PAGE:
“Natural fibers, particularly cellulosic, are not ideal for activewear,” said Green. “With hot yoga comes a lot of sweat, so cellulosic fibers are not a viable option. I was challenged to develop natural dyeing techniques that could be used on synthetic fabrics optimized for athletic activities where the body moves and sweats — in other words, fabrics that are quick-drying, wicking, stretchy, strong, resilient and resistant to abrasion.”
And beyond natural dyeing and eco-friendly textiles, the life span of a garment’s construction and efficacy of the dye work should also be considered, for a garment to be truly sustainable.
“Thinking holistically about sustainability was important to me: creating a more environmentally friendly production technique is only sustainable if the fabric is made into a product that is reused many, many times,” said Green. “I wanted to create yoga clothing that could withstand repeated and frequent washing and wearing without fading or falling apart.”
Green’s first yoga outfit was given to a daily yoga practitioner who has worn it to more than 700 hours of hot yoga classes to date. The garments are machine-washed and dried after every class. And while the garments remained unsullied, the color has been affected over the three years of wear.
“It began as a bright and light yellow with orange undertones. Instead of fading, the color saddened to a burnt orange and became much darker in value, increasing the contrast of the pattern created by eco-printing the plant matter,” said Green. “Instead of fading, the garment becomes darker and more visually interesting with wear.”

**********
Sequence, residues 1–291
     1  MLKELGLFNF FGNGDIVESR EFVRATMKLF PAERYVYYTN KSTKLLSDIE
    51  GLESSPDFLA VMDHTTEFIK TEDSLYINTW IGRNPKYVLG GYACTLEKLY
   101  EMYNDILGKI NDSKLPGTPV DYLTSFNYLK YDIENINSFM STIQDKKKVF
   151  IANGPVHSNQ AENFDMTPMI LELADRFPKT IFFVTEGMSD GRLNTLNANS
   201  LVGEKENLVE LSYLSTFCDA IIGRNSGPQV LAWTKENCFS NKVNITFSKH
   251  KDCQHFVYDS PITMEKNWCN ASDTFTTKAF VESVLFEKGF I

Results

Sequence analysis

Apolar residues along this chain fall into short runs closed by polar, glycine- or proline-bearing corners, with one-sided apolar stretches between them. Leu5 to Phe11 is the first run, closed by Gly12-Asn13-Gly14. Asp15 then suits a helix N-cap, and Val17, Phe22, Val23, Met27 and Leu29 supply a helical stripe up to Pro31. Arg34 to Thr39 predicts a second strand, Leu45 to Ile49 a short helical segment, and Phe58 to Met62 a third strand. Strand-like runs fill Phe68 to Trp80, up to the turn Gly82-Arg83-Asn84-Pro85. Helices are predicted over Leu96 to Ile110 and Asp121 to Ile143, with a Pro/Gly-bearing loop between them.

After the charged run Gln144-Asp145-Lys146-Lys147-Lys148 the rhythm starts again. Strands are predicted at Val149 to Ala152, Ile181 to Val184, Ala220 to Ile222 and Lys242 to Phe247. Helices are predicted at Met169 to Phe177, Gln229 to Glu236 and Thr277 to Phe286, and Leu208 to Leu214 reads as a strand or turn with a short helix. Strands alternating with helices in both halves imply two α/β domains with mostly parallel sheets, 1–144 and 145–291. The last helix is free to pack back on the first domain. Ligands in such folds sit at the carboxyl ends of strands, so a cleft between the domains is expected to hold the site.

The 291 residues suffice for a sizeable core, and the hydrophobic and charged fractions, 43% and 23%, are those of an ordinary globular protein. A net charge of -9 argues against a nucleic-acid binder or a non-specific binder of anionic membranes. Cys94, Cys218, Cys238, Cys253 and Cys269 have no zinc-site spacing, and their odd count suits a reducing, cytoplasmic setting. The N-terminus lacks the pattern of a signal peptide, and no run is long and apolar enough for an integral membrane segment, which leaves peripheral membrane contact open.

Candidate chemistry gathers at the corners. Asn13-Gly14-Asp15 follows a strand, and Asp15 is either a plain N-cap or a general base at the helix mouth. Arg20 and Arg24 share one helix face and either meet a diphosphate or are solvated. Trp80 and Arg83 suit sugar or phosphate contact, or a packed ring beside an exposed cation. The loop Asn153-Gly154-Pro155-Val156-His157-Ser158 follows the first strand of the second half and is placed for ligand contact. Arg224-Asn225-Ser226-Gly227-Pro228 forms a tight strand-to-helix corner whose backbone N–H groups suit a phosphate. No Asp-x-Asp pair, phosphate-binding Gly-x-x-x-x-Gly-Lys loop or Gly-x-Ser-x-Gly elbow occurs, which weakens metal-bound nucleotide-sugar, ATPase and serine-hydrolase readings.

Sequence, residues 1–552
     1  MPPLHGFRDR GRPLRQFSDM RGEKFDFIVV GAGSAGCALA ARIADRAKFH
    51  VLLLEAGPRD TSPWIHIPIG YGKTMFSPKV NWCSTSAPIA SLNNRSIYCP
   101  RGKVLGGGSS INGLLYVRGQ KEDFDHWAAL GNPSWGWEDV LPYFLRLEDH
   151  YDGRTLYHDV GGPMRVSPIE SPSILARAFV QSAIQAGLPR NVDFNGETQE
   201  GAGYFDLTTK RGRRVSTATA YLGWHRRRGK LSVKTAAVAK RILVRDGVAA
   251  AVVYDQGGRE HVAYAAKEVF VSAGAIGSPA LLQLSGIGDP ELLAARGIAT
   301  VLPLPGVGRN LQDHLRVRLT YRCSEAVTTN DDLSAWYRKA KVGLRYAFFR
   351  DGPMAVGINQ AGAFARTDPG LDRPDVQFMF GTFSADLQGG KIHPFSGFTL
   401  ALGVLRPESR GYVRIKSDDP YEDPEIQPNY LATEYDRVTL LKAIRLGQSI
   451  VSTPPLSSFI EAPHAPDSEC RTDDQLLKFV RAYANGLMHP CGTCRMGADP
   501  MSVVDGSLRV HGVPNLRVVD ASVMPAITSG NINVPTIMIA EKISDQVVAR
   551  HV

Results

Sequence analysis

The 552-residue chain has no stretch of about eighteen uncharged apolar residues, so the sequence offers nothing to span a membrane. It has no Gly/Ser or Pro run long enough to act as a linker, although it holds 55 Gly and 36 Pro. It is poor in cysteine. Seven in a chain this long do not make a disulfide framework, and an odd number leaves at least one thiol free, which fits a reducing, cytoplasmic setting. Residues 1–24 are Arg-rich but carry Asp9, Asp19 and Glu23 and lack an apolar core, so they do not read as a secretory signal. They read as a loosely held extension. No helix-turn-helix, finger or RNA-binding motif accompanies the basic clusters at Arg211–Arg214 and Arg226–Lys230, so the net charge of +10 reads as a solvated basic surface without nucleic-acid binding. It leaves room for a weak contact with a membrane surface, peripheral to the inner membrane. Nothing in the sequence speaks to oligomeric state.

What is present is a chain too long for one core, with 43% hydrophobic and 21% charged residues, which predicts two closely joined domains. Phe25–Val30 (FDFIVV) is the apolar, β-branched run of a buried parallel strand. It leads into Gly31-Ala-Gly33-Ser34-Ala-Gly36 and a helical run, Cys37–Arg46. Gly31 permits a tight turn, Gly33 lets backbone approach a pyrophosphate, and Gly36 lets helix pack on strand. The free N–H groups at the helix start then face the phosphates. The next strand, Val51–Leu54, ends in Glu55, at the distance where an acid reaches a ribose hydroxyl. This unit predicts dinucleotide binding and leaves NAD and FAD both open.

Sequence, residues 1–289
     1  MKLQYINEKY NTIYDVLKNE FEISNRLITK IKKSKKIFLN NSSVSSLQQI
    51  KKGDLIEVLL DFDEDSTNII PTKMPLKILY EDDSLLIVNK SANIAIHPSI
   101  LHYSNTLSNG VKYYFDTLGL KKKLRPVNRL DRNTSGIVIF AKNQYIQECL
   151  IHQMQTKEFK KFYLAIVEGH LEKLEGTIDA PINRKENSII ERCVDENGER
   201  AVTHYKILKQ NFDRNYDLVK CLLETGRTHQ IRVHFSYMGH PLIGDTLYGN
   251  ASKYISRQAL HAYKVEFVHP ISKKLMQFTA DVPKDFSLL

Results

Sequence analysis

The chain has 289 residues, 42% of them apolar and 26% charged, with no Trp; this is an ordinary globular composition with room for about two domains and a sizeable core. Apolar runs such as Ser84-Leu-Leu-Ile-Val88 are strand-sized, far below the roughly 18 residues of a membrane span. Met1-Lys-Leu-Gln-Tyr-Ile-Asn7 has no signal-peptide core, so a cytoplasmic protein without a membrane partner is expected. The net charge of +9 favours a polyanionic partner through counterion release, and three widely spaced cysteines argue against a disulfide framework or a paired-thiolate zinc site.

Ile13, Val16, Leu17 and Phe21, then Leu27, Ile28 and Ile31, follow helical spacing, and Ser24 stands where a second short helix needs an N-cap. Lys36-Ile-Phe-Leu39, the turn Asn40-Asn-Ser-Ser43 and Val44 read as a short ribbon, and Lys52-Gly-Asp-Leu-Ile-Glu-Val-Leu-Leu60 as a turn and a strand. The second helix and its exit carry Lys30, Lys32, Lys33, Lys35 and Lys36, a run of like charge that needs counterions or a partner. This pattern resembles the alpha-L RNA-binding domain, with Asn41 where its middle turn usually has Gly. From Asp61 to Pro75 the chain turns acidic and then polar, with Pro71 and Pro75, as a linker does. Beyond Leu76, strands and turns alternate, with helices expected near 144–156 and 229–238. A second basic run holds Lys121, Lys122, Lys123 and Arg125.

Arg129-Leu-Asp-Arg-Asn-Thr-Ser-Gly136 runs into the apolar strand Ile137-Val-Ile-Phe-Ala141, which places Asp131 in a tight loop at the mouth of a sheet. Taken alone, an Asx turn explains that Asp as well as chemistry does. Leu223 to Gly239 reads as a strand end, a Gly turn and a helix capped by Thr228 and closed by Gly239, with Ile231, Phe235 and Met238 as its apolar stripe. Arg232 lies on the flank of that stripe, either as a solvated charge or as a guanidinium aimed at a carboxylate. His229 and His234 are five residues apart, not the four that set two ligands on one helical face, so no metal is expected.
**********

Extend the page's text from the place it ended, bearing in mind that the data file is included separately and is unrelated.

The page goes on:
And Green questioned, “Why do our clothes have to stay the same? If we are designing longevity into a garment, shouldn’t we also design for change?”
Further, Green says with the one constant in fashion being change, this color transformation could, in fact, be beneficial to a consumer who is always looking for something new. “I like the idea of clothing that changes with time and thus remains visually interesting,” said Green.
In order to make these activewear textiles as sustainable as possible, Green looks to source dye that could come from food waste and agricultural waste. For example, she has access to the Cornell dining hall to acquire yellow onion skins, red onion skins, carrot tops, coffee grinds, rinds, and avocado pits (a favorite because of the rose color it produces). Additionally, Cornell has instituted the Natural Dye Garden which grows coreopsis, Hopi dye sunflowers, Japanese indigo, madder and different varieties of indigo.
While Green’s experiments have led to success, she said there is more research to be done, believing that there is the possibility to develop digital printing techniques that use pigments extracted from natural dyes. “Contact dyeing is one avenue, but I believe there are other possibilities to explore with the right investment in research.”
“In order for natural dyes to be financially, aesthetically, and functionally viable for the fashion industry, we need economies of scale,” said Green. “We need to develop large-scale industrial manufacturing processes if there is any chance for natural dyes to be widely adopted in the industry.”